Clegg's appeal to Eastleigh voters

Nick Clegg today Photo: PA

Nick Clegg today appealed to voters in Eastleigh not to exact retribution on the Liberal Democrats for Chris Huhne's conduct.

Lib Dem chief whip Alistair Carmichael will today move the writ, formally triggering the by-election in the Hampshire constituency following Huhne's decision to quit in the wake of his conviction for dodging speeding points.

Mr Clegg said that the former cabinet minister would at some stage have to explain himself to his erstwhile constituents.

But speaking at the Institute for Government in London, the Lib Dem leader urged people not to take revenge on his party.

"What has happened has happened with Chris Huhne and his guilty plea on Monday morning," he said.

"I think the choice for the people of Eastleigh in the by-election is what kind of an MP do they want to have now.

"I hope that it will be on that basis rather than in a mood or spirit of retribution that the debate will be conducted in Eastleigh."

The Lib Dems, as the sitting party, have opted for a short, three-week campaign with polling to take place on February 28.

They face a bruising battle with the Conservatives, their coalition partners, who finished second in the 2010 general election.

Tory Party chairman Grant Shapps has already said that the people of Eastleigh had been "sold a lie" by Huhne.

Mr Clegg, however, insisted that he had for many years been a good constituency MP.

"Whatever the rights and wrongs of the court case, I think you will find that if you go to Eastleigh everyone recognises that he was an extremely hard-working local MP," he said.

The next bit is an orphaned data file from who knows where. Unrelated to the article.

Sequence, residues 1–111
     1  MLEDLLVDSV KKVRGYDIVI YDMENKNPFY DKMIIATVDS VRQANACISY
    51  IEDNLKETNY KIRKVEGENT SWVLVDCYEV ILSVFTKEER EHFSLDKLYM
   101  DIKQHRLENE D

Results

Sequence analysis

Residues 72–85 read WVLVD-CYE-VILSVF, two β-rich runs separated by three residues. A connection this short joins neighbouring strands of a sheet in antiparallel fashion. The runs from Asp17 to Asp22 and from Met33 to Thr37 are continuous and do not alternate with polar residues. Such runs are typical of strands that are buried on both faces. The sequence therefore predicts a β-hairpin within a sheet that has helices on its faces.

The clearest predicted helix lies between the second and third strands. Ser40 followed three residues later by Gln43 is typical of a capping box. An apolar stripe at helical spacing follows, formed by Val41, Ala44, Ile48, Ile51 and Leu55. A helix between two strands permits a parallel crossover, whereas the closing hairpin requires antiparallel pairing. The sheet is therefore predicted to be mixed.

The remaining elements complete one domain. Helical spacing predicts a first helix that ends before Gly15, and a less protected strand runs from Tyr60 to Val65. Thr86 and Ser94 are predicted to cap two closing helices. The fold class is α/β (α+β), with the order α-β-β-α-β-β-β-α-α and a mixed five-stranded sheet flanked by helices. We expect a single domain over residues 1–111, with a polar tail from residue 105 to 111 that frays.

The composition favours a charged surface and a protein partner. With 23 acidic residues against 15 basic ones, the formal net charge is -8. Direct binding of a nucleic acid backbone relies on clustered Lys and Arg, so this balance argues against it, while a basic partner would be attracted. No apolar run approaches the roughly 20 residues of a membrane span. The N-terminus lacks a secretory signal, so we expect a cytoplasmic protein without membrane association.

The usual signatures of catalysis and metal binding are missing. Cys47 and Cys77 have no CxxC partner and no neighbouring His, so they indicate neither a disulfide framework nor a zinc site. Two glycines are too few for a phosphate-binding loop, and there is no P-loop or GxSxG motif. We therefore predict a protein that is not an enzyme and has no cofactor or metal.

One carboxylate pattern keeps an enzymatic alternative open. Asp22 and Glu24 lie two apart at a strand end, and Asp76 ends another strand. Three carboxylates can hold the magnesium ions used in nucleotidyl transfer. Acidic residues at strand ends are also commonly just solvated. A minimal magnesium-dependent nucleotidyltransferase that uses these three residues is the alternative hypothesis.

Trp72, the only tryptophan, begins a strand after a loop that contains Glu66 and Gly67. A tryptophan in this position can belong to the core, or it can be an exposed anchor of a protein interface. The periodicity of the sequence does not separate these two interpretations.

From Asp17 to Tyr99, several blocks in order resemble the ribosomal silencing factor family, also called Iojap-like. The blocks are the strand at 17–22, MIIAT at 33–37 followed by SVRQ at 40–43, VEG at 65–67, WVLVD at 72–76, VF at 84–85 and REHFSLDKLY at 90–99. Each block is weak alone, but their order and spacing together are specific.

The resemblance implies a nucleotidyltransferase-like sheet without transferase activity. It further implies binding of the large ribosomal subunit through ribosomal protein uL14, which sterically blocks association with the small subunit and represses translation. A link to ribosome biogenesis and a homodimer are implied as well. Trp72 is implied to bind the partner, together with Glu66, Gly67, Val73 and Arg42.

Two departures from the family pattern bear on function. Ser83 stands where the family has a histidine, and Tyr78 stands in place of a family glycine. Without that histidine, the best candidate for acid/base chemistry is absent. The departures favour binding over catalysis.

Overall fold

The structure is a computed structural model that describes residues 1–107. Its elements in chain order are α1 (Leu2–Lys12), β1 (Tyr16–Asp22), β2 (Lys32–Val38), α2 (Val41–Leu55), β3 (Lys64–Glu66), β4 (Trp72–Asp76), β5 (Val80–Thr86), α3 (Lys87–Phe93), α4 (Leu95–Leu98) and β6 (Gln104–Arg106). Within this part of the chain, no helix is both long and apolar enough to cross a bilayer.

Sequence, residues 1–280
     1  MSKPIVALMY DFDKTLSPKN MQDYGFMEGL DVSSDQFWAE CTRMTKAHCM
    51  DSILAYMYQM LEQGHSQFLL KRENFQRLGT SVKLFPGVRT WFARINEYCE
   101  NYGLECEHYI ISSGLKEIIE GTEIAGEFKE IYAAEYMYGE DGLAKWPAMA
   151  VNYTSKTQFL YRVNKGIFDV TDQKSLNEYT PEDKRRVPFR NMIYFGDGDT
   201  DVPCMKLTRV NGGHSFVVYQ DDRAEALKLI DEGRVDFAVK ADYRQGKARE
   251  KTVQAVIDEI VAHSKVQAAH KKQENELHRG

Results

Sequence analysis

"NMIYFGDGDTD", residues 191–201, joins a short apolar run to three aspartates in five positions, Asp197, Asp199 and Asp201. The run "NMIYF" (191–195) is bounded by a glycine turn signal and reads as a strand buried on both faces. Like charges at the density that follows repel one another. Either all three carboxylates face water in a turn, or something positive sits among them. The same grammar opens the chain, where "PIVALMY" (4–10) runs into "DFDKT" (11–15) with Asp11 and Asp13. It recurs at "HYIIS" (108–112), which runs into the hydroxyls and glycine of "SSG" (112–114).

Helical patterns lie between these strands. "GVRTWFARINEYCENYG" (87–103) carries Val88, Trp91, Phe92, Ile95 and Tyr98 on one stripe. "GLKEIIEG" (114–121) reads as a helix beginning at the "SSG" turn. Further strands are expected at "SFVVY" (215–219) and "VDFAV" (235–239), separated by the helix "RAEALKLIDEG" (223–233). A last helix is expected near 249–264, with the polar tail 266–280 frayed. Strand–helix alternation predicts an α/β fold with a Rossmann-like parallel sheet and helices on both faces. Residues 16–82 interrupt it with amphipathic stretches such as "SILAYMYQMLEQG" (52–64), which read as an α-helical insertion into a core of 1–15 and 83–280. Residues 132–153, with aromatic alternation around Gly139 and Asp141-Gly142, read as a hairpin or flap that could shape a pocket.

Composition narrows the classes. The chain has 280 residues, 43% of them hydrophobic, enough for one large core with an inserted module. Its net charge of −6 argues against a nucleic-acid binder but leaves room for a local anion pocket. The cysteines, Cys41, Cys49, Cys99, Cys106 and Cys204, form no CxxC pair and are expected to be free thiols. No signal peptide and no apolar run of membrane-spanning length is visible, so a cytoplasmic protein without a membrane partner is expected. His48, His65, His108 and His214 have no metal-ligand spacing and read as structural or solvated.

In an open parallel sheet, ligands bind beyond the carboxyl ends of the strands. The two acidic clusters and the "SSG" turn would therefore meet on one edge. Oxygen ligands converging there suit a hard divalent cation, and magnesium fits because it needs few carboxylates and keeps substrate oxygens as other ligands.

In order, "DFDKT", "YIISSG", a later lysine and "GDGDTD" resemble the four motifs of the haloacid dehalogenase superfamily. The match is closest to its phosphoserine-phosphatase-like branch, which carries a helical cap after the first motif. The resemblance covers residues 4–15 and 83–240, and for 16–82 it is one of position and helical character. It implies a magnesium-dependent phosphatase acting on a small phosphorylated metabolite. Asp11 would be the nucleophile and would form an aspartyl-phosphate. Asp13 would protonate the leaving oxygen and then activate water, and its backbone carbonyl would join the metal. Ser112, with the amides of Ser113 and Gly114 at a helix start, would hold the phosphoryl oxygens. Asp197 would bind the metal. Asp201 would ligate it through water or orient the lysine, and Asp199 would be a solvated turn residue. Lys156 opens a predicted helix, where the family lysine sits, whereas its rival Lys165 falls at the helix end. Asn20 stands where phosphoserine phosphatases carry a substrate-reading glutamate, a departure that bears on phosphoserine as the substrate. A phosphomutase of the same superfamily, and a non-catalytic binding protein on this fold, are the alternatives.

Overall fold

"I am not going to provide a guesswork commentary on how the Conservatives want to fight the by-election.

"We will fight it, in part, on our record of commitment to serving the people of Eastleighwell.

"Chris was a very good constituency MP, whatever other things happened elsewhere in his life."

Earlier, on his weekly radio phone-in on London's LBC, Mr Clegg refused to be drawn on whether Huhne should return his £17,000 ministerial severance pay.

"Chris Huhne has got to make that decision but I totally understand why people think, now he's been found guilty and when he's sentenced, that he should pay amends, if you like, for what's happened," he said.

"But at the end of the day, Chris has got to make that decision and at the moment I don't know yet what sentence the judge is going to hand down to him."